New South Wales police have charged more than 20 people with deliberately starting fires across Australia as the country beats back wildfires.
Meanwhile, activists and celebrities claim climate change played a part in the blaze.
The NSW Police Force has taken legal action against 180 people since the end of 2019, according to local reports.
Australian fires have killed 18 people and claimed the lives of hundreds of millions of animals.
Roughly 24 people have been charged for allegedly starting bushfires, while another 53 people allegedly failed to comply with a total fire ban. Dozens of people allegedly discarded cigarettes on dry land.
Many people blamed climate change for super-stoking Australia’s wildfires.
Hollywood actor Russell Crowe, for instance, said Sunday through a message delivered by actress Jennifer Aniston that global warming is partially to blame. She delivered the message at the Golden Globe Awards ceremony.
“Make no mistake,” wrote Crowe, who has a home in Australia. “The tragedy unfolding in Australia is climate change-based.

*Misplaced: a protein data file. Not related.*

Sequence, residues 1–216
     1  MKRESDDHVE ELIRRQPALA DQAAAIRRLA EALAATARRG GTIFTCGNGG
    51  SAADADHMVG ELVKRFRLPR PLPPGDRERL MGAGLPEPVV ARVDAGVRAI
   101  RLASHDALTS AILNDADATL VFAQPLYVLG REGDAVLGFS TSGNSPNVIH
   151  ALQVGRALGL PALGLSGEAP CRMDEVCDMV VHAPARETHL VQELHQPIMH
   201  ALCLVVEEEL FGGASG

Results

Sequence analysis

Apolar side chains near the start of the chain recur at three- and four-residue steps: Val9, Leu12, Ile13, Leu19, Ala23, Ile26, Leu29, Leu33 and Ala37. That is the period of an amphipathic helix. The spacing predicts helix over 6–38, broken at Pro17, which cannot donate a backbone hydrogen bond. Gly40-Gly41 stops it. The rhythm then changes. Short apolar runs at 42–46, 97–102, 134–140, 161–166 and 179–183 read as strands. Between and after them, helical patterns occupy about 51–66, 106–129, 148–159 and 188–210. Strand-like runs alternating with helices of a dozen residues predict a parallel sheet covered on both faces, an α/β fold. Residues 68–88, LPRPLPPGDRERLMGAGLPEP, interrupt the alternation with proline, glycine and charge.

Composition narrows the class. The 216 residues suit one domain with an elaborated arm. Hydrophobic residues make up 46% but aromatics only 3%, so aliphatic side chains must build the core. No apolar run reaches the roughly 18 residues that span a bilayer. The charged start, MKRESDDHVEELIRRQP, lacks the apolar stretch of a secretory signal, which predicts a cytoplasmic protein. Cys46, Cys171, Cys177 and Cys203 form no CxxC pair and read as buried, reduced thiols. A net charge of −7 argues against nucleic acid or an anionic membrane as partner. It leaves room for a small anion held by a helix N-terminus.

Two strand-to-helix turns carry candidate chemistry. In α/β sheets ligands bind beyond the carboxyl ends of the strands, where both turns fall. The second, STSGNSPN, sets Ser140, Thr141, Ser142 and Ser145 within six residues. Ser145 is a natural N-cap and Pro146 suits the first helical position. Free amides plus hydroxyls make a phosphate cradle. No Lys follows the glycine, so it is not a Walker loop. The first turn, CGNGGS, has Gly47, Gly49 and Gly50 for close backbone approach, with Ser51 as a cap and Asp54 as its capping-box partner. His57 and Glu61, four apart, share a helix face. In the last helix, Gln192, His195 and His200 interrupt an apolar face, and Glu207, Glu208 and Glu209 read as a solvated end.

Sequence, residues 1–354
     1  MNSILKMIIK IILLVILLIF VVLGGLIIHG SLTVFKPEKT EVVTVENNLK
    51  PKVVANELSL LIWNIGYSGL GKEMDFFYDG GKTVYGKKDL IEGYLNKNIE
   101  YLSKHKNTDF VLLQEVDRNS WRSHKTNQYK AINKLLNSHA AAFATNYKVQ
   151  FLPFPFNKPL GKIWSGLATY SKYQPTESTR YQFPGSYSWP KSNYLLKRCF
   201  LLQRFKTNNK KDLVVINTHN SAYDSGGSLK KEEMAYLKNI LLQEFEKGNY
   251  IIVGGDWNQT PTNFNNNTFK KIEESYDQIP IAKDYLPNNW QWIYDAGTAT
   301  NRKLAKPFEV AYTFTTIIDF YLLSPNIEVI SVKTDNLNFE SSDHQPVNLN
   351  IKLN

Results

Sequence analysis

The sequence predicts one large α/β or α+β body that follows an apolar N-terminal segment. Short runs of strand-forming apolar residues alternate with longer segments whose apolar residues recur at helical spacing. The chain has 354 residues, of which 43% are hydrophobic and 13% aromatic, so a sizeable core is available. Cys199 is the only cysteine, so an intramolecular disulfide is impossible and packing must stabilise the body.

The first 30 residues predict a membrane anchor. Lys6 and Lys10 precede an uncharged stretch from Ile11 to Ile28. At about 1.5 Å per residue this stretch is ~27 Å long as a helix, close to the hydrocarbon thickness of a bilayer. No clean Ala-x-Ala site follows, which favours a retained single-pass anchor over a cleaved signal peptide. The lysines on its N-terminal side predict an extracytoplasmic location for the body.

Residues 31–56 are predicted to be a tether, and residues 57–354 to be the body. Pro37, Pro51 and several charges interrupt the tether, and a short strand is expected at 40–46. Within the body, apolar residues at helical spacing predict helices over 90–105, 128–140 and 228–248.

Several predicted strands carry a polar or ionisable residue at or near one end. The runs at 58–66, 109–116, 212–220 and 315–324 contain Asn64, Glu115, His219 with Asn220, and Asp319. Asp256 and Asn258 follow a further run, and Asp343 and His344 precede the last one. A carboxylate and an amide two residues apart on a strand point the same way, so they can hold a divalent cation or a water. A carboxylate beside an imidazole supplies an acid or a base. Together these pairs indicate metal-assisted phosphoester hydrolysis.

“We need to act based on science, move our global workforce to renewable energy and respect our planet for the unique and amazing place it is.”
Russell Crowe won a #GoldenGlobes for his performance in “The Loudest Voice” but couldn’t attend the show because of the fires in Australia.
— Los Angeles Times (@latimes) January 6, 2020
Crowe won the best actor award for his role in “The Loudest Voice.”
The Washington Post’s Editorial Board also weighed in on the topic, telling its readers Monday that Australia’s wildfires should be a warning to the rest of the world and to those who are skeptical of climate change.
“If a Hollywood producer ordered up these images, they might be dismissed as too dramatic: orange skies; ash-filled rain; fire tornadoes; flames jumping as high as 230 feet; people huddling for shelter on the beach,” the editorial said. “Australia’s wildfires are a disaster on a scale hard to fathom, charring an area roughly the size of West Virginia. California’s massive 2018 blazes hit a sixth as much land as Australia’s have so far this fire season. Government officials report that a third of the koalas in New South Wales might be gone. The nation’s eucalyptus forests may be damaged for good.
“This is the future humanity is writing for itself, right now, every day world governments waste failing to respond to climate change.”
The Editorial Board then hedged by saying other factors are probably involved.
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